Heroes Need Self Care Too (And Little Things Matter)

It’s been a heart-breaking week for This Is Us fans. We knew from the beginning that we would lose Jack Pearson along the way, but what a heartbreaking loss it turned out to be.

I think there are some self-care lessons we can learn from Jack’s tragedy.

First: the little things, the boring things, the inconsequential things – they matter. They may seem trivial but sometimes they are the difference between life and death. These little things are part of selfcare.

  • Since half of home fires happen between 11 pm and 7 am, you should have a smoke detector in every bedroom. Change the batteries regularly – one easy strategy suggested by many fire departments is to change batteries when you change the clocks – twice a year, at spring forward and fall back. Learn more about fire safety and prevention from the US Fire Administration by clicking here. Just a few minutes to change batteries twice a year could literally be the difference between life and death.
  • More than half of the people who die in car accidents were not wearing a seatbelt. It takes two seconds to click on your belt before your drive. It’s the same as the smoke detectors: so simple and boring you may think it doesn’t matter. My point is that small things, little things, boring things can matter tremendously when it comes to staying safe and healthy. Click here for more from the Centers for Disease Control (CDC) on vehicle safety.
  • Each year, 26,000 kids and teens sustain traumatic brain injuries because they are in a bicycle accident without a protective helmet. Most of us didn’t wear helmets growing up, but it’s a simple habit to adopt for ourselves and the children in our lives. Click here for more from the CDC on head injuries and bicycle safety.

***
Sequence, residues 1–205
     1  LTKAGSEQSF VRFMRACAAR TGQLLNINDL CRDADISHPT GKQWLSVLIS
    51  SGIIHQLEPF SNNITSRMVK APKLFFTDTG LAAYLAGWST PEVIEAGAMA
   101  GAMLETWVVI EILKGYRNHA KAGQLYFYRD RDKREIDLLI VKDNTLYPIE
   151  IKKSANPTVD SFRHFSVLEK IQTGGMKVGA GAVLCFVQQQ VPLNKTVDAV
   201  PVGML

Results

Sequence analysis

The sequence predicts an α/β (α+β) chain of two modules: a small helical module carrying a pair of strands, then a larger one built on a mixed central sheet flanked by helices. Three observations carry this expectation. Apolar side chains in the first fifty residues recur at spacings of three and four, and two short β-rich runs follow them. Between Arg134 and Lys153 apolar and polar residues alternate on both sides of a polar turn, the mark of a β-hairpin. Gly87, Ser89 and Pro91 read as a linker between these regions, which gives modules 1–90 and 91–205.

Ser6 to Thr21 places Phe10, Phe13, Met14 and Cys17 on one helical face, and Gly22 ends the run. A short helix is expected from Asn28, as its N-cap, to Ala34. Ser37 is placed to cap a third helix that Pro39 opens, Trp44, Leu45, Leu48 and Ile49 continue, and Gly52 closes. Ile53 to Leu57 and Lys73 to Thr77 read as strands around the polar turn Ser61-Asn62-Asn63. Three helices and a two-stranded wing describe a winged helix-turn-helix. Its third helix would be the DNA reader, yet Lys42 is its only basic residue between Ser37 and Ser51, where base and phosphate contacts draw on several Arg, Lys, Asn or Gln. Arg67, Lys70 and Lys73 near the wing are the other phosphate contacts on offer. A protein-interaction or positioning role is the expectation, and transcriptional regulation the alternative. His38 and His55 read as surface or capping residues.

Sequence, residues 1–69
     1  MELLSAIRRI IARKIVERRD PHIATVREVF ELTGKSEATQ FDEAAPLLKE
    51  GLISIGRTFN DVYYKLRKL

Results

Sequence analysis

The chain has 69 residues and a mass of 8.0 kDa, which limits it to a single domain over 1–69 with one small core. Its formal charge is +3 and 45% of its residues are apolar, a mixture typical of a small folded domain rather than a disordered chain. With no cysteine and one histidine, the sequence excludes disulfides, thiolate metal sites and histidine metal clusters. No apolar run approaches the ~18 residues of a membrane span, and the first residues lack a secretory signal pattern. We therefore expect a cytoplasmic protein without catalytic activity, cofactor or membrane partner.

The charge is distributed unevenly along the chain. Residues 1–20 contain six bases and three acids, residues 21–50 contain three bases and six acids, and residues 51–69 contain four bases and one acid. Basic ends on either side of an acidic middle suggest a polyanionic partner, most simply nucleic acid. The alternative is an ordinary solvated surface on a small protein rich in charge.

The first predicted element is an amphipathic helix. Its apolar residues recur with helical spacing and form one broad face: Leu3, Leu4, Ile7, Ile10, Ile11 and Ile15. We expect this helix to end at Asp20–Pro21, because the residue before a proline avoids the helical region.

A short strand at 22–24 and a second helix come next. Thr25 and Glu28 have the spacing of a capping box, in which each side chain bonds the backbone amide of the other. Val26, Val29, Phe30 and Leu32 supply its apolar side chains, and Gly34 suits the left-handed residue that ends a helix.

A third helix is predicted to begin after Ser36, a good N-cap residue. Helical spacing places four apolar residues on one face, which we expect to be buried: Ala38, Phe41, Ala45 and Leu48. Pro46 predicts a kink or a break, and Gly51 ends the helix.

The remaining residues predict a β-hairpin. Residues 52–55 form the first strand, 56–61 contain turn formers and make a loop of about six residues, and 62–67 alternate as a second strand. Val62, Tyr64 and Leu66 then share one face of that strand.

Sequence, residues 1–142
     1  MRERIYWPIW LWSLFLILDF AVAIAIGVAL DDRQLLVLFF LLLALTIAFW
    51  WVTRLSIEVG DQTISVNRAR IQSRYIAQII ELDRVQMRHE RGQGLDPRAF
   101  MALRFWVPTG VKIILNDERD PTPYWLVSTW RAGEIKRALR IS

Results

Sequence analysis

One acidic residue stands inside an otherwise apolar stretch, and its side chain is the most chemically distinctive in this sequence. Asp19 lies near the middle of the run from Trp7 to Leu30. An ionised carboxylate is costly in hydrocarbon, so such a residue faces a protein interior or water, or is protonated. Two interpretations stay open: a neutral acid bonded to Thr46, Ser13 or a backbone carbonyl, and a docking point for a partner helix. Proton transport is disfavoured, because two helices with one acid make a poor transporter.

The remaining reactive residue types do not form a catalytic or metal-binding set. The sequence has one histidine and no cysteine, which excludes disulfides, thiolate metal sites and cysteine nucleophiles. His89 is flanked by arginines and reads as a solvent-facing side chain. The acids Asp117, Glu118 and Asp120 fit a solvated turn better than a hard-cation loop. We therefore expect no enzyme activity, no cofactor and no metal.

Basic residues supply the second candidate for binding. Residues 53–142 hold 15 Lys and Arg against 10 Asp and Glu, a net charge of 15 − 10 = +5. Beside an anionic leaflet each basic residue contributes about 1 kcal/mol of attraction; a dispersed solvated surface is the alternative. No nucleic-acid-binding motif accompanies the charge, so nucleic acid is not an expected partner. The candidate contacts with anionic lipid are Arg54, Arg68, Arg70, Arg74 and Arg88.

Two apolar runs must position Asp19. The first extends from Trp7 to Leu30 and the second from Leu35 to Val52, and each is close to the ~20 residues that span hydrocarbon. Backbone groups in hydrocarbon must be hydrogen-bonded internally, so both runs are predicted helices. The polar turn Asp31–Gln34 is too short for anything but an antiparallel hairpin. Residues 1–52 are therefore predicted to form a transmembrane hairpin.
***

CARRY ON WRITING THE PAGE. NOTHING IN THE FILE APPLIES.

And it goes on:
Second, and perhaps the deeper message of Jack Pearson’s death, is that putting everyone else first can sometimes end poorly. The fictional Jack Pearson is a good man – hardworking, the kind of man who puts his wife and kids first, who works hard and takes care of his friends, who never lets anyone see the struggle within. He beats alcoholism through his diligence. He gets the car his wife and kids want, which is beyond the family’s budget, and just takes care of it on his own. He saves not only his wife and kids from a fire, but also the family dog and the family photo albums.

But going above and beyond – and going it alone – can backfire, just as Jack’s heart gave out to the smoke he inhaled in his final act of heroism. Consider, for instance, family caregivers – one-third of whom are every-day heroes while silently dealing with their own health issues. Pushing yourself to the point of exhaustion can mean that you are no longer able to take care of those for whom you are responsible. Research shows that family caregivers have higher levels of stress hormones and lower levels of immune antibodies – which means that they are more likely to get sick, because of the constant effort of caring for others. Read more about health challenges for caregivers by clicking here.

Whatever your role – working parent, caregiver for a child or spouse or parent with a health issue, individual juggling multiple jobs to make ends meet – remember that you also have a responsibility to your own health and well-being. Sometimes, the most responsible thing to do is stop. Admit you need help. Acknowledge to others your internal emotional struggle. Take time for the rest and recovery you need, too. You deserve compassion. You deserve understanding. You deserve support. Your work and efforts to care for others is beautiful, loving, and heroic. Just remember that heroes need selfcare, too.

Take care of your hearts, dear ones.

Let me know below – how are you taking care of yourself? And where could you do a better job of acknowledging your limitations, and letting others help you?